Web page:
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Wella’s new CEO: ‘Dream big, find your own destiny, take calculated risks, don’t be afraid of failure’

The German haircare company executive wants to remind people with aspirations that nothing is impossible

Wella, Annie Young-Scrivner

The new CEO of award-winning haircare company Wella wants to remind people with aspirations that nothing is impossible.

“Look at me, a little Chinese girl who couldn’t speak a stitch of English,right?” Annie Young-Scrivner told Reuters, adding that her recipe for success is simple: “Dream big, find your own destiny, take calculated risks, don’t be afraid of failure.”

Young-Scrivner, 52, became CEO of the German-based Wella on 1 December 2020 following investment company KKR’s announcement in October last year that it had taken a controlling 60 per cent stake in the business. She joined Wella, founded in 1880 by Franz Ströher, from Godiva Chocolatier, where she had been CEO for three years.

“Her tenure at Godiva is marked by accelerating growth with expansion into new channels and categories to make the iconic brand more accessible to consumers, while honouring the brand’s heritage. In addition to being the driving force behind Godiva’s social impact efforts to empower women, Ms Young-Scrivner also led the enhancement of Godiva’s digital experience, making it a critical component to the brand’s ecosystem,” KKR said in a statement.

In her three-decade career, she has worked in more than 30 countries around the world.

“Prior to Godiva, Ms Young-Scrivner spent seven years in a number of senior positions at Starbucks where she helped elevate the brand and customer experience while fuelling an innovation pipeline that led to double-digit growth. Her leadership on digital and loyalty helped Starbucks’ operations across the globe to engage with its consumer in more meaningful ways. She started her career at PepsiCo where she held senior leadership roles in sales, marketing and general management during her 19-year tenure with the business,” the KKR statement added.

Young-Scrivner told Reuters she knew she wanted to run a business from the age of 10. “I used to sell perfume on our block. I would take little candies and dissolve them in water and put that in perfume bottles and sell it. It didn’t work very well, but it was a fun exercise,” the Taiwan-born executive said.

“When my family migrated over to the US, my dad worked for a shipping company and my mum was an accountant, but on the side they also had businesses. We had a restaurant, we had a jade store and a video arcade. I grew up around entrepreneurs. It showed me that if you run a business, you get to create your own culture. You get to really have an impact.”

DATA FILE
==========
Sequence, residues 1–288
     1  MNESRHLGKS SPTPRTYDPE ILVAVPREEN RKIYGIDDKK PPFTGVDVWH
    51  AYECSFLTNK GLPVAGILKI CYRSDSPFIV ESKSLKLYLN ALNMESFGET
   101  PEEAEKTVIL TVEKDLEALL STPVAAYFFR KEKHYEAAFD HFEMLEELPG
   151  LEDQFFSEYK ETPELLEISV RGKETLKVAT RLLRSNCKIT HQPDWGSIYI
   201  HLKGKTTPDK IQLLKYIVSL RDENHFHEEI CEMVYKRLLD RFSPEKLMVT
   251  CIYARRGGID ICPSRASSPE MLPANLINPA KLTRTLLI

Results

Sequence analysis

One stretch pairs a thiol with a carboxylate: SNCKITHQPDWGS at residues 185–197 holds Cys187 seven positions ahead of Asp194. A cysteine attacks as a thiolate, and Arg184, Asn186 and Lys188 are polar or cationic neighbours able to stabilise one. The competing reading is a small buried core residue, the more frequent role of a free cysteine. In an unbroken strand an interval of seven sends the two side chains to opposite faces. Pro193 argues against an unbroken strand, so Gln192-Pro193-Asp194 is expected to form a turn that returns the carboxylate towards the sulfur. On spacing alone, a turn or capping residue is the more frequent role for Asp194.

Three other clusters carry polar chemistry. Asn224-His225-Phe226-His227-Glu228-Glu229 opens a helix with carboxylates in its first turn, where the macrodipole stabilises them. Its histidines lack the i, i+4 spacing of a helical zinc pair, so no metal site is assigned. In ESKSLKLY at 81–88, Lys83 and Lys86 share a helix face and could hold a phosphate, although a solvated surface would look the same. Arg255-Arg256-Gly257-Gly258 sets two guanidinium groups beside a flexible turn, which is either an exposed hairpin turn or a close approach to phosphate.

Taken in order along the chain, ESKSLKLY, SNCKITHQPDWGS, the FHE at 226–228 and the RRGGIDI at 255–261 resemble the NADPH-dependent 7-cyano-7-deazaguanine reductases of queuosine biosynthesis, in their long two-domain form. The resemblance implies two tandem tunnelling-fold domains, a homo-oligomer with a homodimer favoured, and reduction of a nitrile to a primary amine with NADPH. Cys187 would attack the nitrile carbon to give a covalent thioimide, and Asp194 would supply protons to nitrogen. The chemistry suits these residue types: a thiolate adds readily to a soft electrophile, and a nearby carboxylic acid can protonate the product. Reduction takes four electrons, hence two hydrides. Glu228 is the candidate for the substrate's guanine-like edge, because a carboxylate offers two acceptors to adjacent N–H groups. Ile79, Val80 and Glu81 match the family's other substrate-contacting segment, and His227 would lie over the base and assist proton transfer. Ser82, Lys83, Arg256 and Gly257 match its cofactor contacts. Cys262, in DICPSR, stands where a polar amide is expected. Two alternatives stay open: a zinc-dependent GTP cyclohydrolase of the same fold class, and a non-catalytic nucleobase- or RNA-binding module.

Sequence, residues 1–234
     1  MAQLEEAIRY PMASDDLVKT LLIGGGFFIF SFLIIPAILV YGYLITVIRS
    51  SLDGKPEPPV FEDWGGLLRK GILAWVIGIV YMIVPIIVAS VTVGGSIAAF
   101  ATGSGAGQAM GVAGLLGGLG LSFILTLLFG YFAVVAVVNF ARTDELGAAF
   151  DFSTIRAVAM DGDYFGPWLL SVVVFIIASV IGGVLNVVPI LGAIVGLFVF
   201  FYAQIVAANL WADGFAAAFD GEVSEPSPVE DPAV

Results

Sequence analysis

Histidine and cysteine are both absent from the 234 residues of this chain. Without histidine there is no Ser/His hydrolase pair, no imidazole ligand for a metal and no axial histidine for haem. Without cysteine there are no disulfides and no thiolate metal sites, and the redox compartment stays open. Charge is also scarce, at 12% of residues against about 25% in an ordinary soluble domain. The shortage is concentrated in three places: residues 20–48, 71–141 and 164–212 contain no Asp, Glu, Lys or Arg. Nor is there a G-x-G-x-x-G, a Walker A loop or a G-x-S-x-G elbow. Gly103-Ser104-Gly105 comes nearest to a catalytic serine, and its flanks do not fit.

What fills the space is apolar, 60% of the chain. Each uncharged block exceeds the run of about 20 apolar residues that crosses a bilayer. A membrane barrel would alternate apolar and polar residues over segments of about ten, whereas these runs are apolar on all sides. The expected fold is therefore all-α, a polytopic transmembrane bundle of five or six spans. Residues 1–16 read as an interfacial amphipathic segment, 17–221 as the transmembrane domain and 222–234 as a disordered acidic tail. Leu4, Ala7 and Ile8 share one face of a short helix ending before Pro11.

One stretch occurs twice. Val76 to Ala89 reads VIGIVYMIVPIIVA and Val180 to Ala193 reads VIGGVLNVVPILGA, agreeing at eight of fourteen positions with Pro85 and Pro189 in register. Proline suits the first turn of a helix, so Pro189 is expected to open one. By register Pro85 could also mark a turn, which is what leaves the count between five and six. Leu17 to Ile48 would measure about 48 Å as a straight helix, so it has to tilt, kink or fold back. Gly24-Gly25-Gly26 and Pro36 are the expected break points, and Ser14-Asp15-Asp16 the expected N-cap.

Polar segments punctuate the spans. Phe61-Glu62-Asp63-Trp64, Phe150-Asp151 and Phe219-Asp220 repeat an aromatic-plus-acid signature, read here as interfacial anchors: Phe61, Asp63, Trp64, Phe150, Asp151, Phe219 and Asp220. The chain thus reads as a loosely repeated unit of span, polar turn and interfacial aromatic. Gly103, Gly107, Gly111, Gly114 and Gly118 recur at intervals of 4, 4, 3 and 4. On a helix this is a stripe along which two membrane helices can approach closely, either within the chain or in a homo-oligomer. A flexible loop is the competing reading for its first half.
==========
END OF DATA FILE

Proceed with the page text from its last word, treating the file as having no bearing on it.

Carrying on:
Young-Scrivner revealed her toughest job was when she was aged 12. “I picked strawberries. I used to go to the strawberry fields and think, ‘Wow, I could get paid doing something I love.’ It was a horrible experience because to make money, you didn’t just pick the best-quality strawberries. You had to pick strawberries that weren’t perfect, every strawberry in the field,” she said. “I didn’t quit, but I learned that if you want to do something that’s fun as a job, you should really understand what it means when you have to do it every day. For many years after that, I didn’t eat anything strawberry.”

Wella, one of the world’s leading beauty companies with iconic brands including Wella Professional, Clairol, OPI, Nioxin and ghd, has an estimated 6,000 employees, serving more than 250,000 hair and nail salons in more than 100 countries.

Young-Scrivner explained what she had done in readiness for her job. “In any transition, it is about the people. It’s really making sure that you understand what they’re going through and learning the business as much as you can,” she said. “I’ve been doing listening tours, meeting with groups of 12 to 25 people and asking them, ‘What’s working for you, what’s not, and if you have a magic wand, what are the three things you would change tomorrow to make the company better?’ Then synthesising that and bringing it back to the leadership team on a weekly basis so we can decide how to go forward.”

Young-Scrivner added that the coronavirus pandemic has had a beneficial side-effect for Wella. “We’re very fortunate to be in hair and nails because there’s a lot more videoconferencing,” she said. “I never saw myself as much as I have since this started because when you’re talking to someone, usually, you don’t see a mirror of yourself. Now you’re looking at yourself all the time.

“We’ve been sharing how to do the one-minute groom before a chat. What do you do to make your hair look right for your audience? What hair products can help that?

“We serve close to 400,000 salons and millions and millions of hairdressers. We’ve been communicating with them and leveraging this time to do additional education on the products, so when things do open up, people are ready to serve their customers and clients.”

Being a CEO of a global company is a 24-hour-a-day, seven-day-a-week position, Young-Scrivner told Reuters. “The sun is always up somewhere across the globe. And with accessibility, it’s so easy to always be in touch. For me, even pre-pandemic, it was hard to draw that boundary. I’m trying to get back into yoga. It gives me a sense of peace, a little time every day just to reflect.

She also told Reuters she saw her CEO position as the conductor of an orchestra. “You hear all these different instruments, and they play at different speeds. Their loudness is different, but they play to one sheet of music,” she said. “A team should be very aligned to one plan. But there has to be diversity because if everyone all played the exact same way, it would be really, really boring.”

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